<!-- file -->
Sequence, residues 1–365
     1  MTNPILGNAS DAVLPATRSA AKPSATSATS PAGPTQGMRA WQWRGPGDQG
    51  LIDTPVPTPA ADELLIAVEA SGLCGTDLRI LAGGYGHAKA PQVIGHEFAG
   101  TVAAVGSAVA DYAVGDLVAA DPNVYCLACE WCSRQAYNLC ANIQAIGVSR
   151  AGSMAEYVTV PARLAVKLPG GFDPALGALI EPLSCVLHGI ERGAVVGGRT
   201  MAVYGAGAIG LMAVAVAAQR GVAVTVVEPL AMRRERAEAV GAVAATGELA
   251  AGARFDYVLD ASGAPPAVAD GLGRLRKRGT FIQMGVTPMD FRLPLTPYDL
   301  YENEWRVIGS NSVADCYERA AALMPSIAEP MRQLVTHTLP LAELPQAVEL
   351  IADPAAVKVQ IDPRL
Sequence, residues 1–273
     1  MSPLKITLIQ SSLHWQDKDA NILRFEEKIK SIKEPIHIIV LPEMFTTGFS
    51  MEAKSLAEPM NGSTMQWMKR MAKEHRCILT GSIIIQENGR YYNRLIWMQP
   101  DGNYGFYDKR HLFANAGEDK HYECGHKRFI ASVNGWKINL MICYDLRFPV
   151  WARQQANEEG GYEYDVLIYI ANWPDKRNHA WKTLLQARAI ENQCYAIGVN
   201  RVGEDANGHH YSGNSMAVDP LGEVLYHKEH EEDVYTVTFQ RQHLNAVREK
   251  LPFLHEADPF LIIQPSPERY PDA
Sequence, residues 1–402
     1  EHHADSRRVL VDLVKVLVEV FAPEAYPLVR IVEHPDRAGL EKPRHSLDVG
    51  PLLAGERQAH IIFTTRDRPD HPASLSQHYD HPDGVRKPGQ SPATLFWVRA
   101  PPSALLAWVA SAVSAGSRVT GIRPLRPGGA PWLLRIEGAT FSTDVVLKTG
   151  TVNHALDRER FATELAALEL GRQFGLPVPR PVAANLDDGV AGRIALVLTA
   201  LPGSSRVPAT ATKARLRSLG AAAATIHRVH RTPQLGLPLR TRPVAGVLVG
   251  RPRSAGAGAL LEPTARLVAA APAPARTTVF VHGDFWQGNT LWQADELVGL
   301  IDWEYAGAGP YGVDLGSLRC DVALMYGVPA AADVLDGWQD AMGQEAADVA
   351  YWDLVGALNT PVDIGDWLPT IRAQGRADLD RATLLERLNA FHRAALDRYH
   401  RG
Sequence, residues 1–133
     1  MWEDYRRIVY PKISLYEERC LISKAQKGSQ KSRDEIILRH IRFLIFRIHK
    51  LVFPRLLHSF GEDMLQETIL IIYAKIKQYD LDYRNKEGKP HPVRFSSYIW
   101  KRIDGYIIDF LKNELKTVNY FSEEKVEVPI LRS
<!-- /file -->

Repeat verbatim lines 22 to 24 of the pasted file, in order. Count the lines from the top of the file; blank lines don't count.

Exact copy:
   201  LPGSSRVPAT ATKARLRSLG AAAATIHRVH RTPQLGLPLR TRPVAGVLVG
   251  RPRSAGAGAL LEPTARLVAA APAPARTTVF VHGDFWQGNT LWQADELVGL
   301  IDWEYAGAGP YGVDLGSLRC DVALMYGVPA AADVLDGWQD AMGQEAADVA